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The Government's commitment to assess the potential environmental impact of new policy proposals has been restated in successive White Paper annual reports on sustainable development, and "Questions of Procedure for Ministers" requires all Departments to ensure that papers for Cabinet and ministerial committees should, where appropriate, cover any significant costs or benefits to the environment. Green Ministers have specifically reaffirmed that their Departments will carry out environmental appraisal of policies where appropriate and agreed to ensure that departmental procedures are in place to check that this happens and to keep them under review. They have also agreed to consider publishing those appraisals where there is a significant environmental impact. In 1991 my Department published "Policy Appraisal and the Environment" giving extensive guidance on how to integrate environmental considerations into Government policy. Consultants (KPMG) have been appointed to evaluate the practical application of environmental appraisal and are due to finalise their report shortly.

The Government are also fully committed to running their own operations and buildings in accordance with best environmental practice as an integral part of their contribution to the UK's sustainable development strategy. All Government Departments have had green housekeeping strategies in place since 1992 and have achieved a great deal. Energy efficiency on the Government estate has improved by almost 15 per cent. in the five years to March 1996 and a new target of an overall 20 per cent. improvement by March 2000 has been endorsed by the Prime Minister.

New Government buildings and major refurbishment will be assessed under the Building Research Establishment's environmental assessment method, or an equivalent scheme. The Department of the Environment's office services division has achieved accreditation for its environmental management system under BS 7750 and ISO 140001; this makes the United Kingdom one of the small number of countries that are investigating the application of such techniques in central Government. Work is under way by Government Departments to review the scope for reducing the impact of their travel and transport patterns on the environment and the scope for introducing green commuter plans to encourage staff to switch from the car to public transport, walking or cycling.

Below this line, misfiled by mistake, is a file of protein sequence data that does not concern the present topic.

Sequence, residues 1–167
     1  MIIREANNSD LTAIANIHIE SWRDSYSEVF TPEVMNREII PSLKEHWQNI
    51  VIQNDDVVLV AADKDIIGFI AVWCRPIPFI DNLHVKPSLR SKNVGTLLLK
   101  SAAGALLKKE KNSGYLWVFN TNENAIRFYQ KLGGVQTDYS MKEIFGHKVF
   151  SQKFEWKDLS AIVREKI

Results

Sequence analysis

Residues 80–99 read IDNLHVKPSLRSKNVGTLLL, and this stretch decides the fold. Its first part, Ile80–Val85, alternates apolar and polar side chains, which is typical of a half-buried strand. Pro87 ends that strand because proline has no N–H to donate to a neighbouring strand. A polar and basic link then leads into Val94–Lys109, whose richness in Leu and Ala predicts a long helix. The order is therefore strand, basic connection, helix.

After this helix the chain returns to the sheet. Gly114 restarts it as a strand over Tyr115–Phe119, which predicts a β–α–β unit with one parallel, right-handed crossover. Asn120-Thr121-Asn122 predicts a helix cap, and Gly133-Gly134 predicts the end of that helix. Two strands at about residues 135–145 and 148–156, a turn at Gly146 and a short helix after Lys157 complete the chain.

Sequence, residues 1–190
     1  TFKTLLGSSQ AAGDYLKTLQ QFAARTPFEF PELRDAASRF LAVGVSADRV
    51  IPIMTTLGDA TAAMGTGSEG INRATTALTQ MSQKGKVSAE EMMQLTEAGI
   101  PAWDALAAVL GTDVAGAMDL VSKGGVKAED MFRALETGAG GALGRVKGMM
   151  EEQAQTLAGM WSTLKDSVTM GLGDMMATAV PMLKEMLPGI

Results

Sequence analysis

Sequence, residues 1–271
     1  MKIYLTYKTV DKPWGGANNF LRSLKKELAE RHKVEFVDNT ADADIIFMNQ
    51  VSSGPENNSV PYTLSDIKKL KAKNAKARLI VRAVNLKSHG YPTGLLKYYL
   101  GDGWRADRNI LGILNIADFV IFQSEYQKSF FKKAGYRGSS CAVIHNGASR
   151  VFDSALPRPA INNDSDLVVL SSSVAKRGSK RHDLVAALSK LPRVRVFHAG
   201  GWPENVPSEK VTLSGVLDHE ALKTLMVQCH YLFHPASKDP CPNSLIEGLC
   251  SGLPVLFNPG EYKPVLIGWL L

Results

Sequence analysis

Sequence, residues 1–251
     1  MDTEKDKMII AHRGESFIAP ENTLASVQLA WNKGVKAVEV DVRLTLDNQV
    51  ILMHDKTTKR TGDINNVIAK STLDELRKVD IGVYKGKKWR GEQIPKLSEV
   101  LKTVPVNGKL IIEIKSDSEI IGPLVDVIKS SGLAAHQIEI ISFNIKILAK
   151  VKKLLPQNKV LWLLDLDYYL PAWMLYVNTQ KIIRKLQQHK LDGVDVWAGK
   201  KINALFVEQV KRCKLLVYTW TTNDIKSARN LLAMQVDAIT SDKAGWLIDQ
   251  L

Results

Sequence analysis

Green Ministers have now agreed a further programme of action to take forward the green government initiative. The KPMG report and its case studies will be published as soon as it has been finalised. Green Ministers agree with the thrust of KPMG's emerging findings on the environmental appraisal of policies. Specifically they have agreed to:

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The Government's corporate strategy on green housekeeping signals the Government's determination to build on the action already taken and to follow sound environmental principles across its operations. In particular, the Government will work to the target of a 20 per cent. improvement in energy efficiency over 1990 levels by 2000, and explore new ways of measuring performance by standard performance indicators. We shall ensure that new buildings and major refurbishments are designed to achieve high standards of environmental performance.

The Government will also monitor targets set by Departments for reducing their waste in accordance with the UK strategy for sustainable waste management and promote the concepts of reduction, re-use, recovery and recycling with disposal as the least favourable option. New guidelines will be issued to Government Departments on taking environmental factors into account in purchasing goods and services consistent with the need to achieve value for money.

Departments will reduce the use of hazardous substances, materials and goods and, where they are essential, dispose of them safely and in an environmentally preferable manner. Furthermore, Departments will minimise the environmental impact of the transport needs of Government operations, promote environmentally sensible choices in the way staff travel to work and provide them with the information and training they need to carry out their duties with the minimum impact on the environment.

Green Ministers recognise that the achievement of improved environmental performance requires the commitment of all staff from senior management downwards and depends on Departments developing proper management systems. Where they have not already done so, Departments will consider whether it would be practicable, and whether it would bring extra value, to seek accreditation under BS 7750 and ISO 14001 or to have their systems assessed by auditors trained in environmental management.